Technical specifications don't necessarily dictate where we play games. It seems like all decisions begin with multiplayer and how important it is to that specific game. However, even the best multiplayer game can't top a comfortable seat.

Cats play games

How do you decide which system you are going to get a multiplatform game on today?

  • Ryan Billingsley - If people are going to be playing it together, that will be the most important factor. That being said, I am going to lobby hard for PC every time because I enjoy gaming on my PC. Especially if it is a shooter, I want a mouse and keyboard, it is how I came up. If it is single player, I will probably play it on the thing it will run the best on. Nine times out of ten that is going to be PC, but there are some notable situations where it was far worse. If PC is not in the equation, I will probably check the Nintendo Switch store to see if it is there because I am having fun with that console, otherwise, it is back to my trusty PS4, which is now hooked up to the same monitor I use for both PC and Switch gaming. It is a rough life...

  • Aaron McNeal - It's mostly about those sweet game deals and comfort. Where and how do I wanna sit when I'm playing the game? How big is the download if I go the digital route? Will I play the game once and could I trade it in afterwards? I'm usually wrestling between the PS4 and PC for these kinds of decisions. And, like others before me, my setups for both platforms aren't created equally in terms of screen size and sound system. Thankfully, I own a Steam Link for when I really wanna recreate my superb PS4 experience. If we're talking multiplayer, I follow the crowd for Tom Clancy and loot.

  • JB Buckner - The first question I ask about a new game is if my friends are getting it what are the multiplayer options? Staying on that thread will my friends play this game online long enough for me to care where they are playing? If online isn't a thing, I consider graphics next. That doesn't always win over playing convenience though. My PC is in the basement and with my PS4 upstairs I can play more often and get through the game faster.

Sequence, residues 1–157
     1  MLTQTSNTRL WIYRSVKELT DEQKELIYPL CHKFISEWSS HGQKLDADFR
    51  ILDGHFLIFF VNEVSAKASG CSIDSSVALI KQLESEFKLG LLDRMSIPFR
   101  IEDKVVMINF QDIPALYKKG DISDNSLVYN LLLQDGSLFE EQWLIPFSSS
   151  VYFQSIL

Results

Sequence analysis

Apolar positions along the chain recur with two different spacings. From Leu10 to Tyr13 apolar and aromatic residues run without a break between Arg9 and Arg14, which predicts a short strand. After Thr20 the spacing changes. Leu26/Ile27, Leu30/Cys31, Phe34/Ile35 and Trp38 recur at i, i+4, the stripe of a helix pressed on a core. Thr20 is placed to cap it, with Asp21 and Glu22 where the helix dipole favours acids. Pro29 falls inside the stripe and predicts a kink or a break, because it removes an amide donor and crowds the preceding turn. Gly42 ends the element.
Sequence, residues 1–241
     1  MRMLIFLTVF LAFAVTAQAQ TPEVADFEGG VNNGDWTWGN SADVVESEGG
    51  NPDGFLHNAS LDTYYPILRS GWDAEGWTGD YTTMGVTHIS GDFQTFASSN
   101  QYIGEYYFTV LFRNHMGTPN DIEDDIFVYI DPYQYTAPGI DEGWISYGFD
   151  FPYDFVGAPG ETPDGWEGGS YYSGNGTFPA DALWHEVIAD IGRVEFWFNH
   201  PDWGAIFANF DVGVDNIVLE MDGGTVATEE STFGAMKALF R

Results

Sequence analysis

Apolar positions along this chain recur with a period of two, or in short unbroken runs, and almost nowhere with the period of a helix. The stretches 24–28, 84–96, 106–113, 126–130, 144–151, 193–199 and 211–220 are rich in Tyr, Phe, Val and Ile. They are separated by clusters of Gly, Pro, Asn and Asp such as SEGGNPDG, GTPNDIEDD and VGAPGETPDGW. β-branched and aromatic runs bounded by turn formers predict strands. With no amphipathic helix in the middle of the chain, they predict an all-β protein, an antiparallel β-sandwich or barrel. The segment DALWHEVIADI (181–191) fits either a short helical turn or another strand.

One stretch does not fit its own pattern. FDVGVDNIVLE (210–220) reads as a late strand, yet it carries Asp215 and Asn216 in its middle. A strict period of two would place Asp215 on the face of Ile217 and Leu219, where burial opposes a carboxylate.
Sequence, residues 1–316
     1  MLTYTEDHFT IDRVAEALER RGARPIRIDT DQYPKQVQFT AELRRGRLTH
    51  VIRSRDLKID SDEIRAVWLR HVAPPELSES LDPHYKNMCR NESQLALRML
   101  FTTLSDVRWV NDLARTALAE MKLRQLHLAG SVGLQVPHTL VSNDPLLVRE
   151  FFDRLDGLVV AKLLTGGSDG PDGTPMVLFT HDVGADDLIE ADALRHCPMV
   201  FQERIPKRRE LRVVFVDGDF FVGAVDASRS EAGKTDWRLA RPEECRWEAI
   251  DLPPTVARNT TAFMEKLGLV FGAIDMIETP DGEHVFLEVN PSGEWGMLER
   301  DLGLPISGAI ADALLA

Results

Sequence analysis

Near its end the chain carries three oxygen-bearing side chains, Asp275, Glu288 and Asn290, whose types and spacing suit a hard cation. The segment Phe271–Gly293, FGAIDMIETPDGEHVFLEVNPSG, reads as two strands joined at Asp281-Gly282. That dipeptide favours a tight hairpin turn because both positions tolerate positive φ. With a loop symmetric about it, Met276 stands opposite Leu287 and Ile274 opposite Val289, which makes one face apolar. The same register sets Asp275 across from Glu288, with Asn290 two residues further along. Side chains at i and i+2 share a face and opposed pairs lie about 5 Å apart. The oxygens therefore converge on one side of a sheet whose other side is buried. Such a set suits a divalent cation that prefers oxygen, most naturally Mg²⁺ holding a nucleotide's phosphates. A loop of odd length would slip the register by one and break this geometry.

• Cole Monroe - While the "where are my friend's are playing" thing is definitely important for multiplayer games that I'm interested in, everything else can be answered with a "it depends." For a game that's out on all the consoles, right now I'm leaning towards the Switch just so I have more games to play there with the caveat that it doesn't suffer from the Switch not being as powerful. If a game is being released on multiple platforms including the PC, I'm going PC all the way and that's for longevity and access to games. With other consoles struggling with backwards compatibility options throughout the years, right now the PC is a safe bet to be able to play old games at my discretion instead of waiting on console makers to come up with a solution.

  • Andrew Cooper - The multiplayer question is the first that comes to mind. If that's a focus, I'll buy for the platform that has the most of my friends who will also be playing. Outside of that I default to PC as much as I can for my single player experience mainly due to it usually being capable of higher quality visuals and framerates. I have the ability to play my PC at my desk or in my living room with full surround so I don't have that need to use a console for the "couch experience." Consoles are more or less reserved for their respective exclusives at this point.

  • Justin Gifford - My answer is similar to JB's. Where to get/play Destiny 2 is a different discussion than where to get/play DOOM - we're going to be playing Destiny 2 together for a while (assuming it doesn't suck), so the consensus on where to play is going to color that decision. I'm the reverse of JB on the location: the PC gets priority since it's on the first floor and I do most of my gaming after the kids go to bed. It's easier to hear them if they wake up by playing in the living room rather than on the consoles in the basement. Ideally, it's cross-play enabled so I can play in the basement on the Xbox or on the PC, like I did with Gears 4, but those options seem somewhat few and far between. One last consideration, which hasn't been an issue yet in this generation of consoles for me, is whether or not there are some kind of in-game bonuses for having save files from the last game (e.g., the original Mass Effect trilogy and I think some other games whose names escape me). Ultimately, though, I have been converted to a PC Master Race in the last year, so if its available there, and my friends aren't playing, I'm going PC.

  • Justin Lacey - Multiplayer is definitely my first consideration when looking at platform. If it's available and interesting I have to guess on how much our crew or even myself will actually play multiplayer. There's definitely a tipping point when the single player is more important to me where I will decide solely based on the best platform for the single player experience. It's handy that recently PC multiplayer has been working out for us, but PC ports are starting to have issues again so I'm considering consoles as an option more than I was a year ago. Usually though, it's PC until there's a reason not to PC (thank you, Blizzard chat) and that's most likely because the game is a console exclusive.